Deciphering Thermowell Use In Chemicals


Thermowells are extremely versatile pieces of equipment. They have to be, what with all of the materials into which they are immersed. They serve to protect the heat sensing element of a thermometer, and very often of a thermocouple unit. What is important to recognize is that not all thermowells are created equally. This isn’t to say that each thermowell doesn’t do the job it is supposed to do, but rather that the materials into which you will be immersing your thermowell will affect how well the thermowell works, if at all.

There aren’t many materials a thermowell can’t work with, but before you use the thermowell in a vat of acid, for instance, you want to check to make sure the thermowell is rated for such a task. There are resources for figuring out which thermowell will work in which application, so be sure to consult them before going to work on measuring. For example, there are a multitude of chemicals into which you can immerse a thermowell, and the various chemicals require the use of different metal material out of which the thermowell should be constructed.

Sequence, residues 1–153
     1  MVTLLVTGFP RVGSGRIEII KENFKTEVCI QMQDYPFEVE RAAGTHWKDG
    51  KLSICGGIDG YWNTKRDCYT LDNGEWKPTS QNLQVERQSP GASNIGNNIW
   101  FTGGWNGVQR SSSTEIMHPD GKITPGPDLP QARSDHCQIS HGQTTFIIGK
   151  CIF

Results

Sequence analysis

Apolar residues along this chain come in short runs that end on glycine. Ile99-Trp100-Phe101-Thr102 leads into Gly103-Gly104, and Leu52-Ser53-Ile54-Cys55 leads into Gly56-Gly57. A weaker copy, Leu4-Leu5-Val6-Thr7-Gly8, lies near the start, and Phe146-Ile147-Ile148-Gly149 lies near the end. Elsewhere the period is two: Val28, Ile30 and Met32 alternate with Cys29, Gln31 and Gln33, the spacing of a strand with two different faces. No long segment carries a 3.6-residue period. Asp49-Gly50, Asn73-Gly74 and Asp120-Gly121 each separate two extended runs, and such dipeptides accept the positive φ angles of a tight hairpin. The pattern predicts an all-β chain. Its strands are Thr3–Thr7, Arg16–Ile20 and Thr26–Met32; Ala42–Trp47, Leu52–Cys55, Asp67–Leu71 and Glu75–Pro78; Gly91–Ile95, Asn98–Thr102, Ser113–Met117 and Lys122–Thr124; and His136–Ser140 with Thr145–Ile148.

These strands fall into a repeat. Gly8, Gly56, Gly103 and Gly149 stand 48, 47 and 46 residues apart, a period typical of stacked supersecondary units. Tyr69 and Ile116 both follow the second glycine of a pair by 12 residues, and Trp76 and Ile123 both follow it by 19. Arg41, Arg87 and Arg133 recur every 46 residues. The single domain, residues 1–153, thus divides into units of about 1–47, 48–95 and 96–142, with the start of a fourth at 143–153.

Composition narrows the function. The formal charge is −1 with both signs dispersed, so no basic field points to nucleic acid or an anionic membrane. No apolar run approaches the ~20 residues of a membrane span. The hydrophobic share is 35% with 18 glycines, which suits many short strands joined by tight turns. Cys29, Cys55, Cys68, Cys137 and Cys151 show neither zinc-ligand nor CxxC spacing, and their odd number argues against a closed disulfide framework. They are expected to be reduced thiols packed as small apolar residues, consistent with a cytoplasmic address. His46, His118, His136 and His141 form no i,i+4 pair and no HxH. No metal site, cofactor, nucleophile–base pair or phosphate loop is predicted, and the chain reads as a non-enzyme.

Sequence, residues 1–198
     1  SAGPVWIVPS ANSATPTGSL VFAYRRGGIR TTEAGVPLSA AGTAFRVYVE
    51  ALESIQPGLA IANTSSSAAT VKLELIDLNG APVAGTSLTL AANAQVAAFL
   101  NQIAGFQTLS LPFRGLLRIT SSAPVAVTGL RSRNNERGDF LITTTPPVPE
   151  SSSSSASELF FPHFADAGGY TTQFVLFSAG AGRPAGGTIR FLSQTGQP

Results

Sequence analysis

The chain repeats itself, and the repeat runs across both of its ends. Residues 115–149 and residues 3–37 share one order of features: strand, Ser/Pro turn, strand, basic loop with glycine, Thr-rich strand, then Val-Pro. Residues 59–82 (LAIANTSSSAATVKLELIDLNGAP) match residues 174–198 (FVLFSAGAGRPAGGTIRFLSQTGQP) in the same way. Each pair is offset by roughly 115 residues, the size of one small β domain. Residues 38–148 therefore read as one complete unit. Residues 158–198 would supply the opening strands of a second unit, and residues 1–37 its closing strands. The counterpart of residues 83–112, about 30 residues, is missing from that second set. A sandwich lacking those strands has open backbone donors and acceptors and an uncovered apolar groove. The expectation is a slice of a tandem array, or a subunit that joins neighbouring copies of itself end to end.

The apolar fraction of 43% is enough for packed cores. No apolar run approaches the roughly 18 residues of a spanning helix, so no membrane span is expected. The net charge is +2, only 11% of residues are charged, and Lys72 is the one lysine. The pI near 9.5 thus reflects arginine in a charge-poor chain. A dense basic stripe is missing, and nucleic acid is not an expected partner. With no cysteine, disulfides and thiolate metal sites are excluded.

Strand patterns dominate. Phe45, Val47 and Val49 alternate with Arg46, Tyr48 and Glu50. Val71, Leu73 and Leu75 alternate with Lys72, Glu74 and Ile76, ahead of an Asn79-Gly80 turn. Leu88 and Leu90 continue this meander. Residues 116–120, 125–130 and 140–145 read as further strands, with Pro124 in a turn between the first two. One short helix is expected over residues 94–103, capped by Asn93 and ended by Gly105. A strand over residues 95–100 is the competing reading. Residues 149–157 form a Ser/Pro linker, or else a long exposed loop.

For chemical applications stainless steel thermowells work the best, as stainless steel has enough of a chromium content to stop the steel from corroding in the chemical. Hindering corrosion is of course important since the thermowell protects the heat sensing element. If the thermowell gets corroded the heat sensor is jeopardized and more than likely compromised as well. It would be impossible to get an accurate temperature reading in that situation. The chemicals into which you can place a thermowell range the chemical alphabet from acetic acid all the way to zinc sulfate. Most of the chemicals will work well with standard level of 304 stainless steel but of course there are always variations depending on the concentration of the chemical.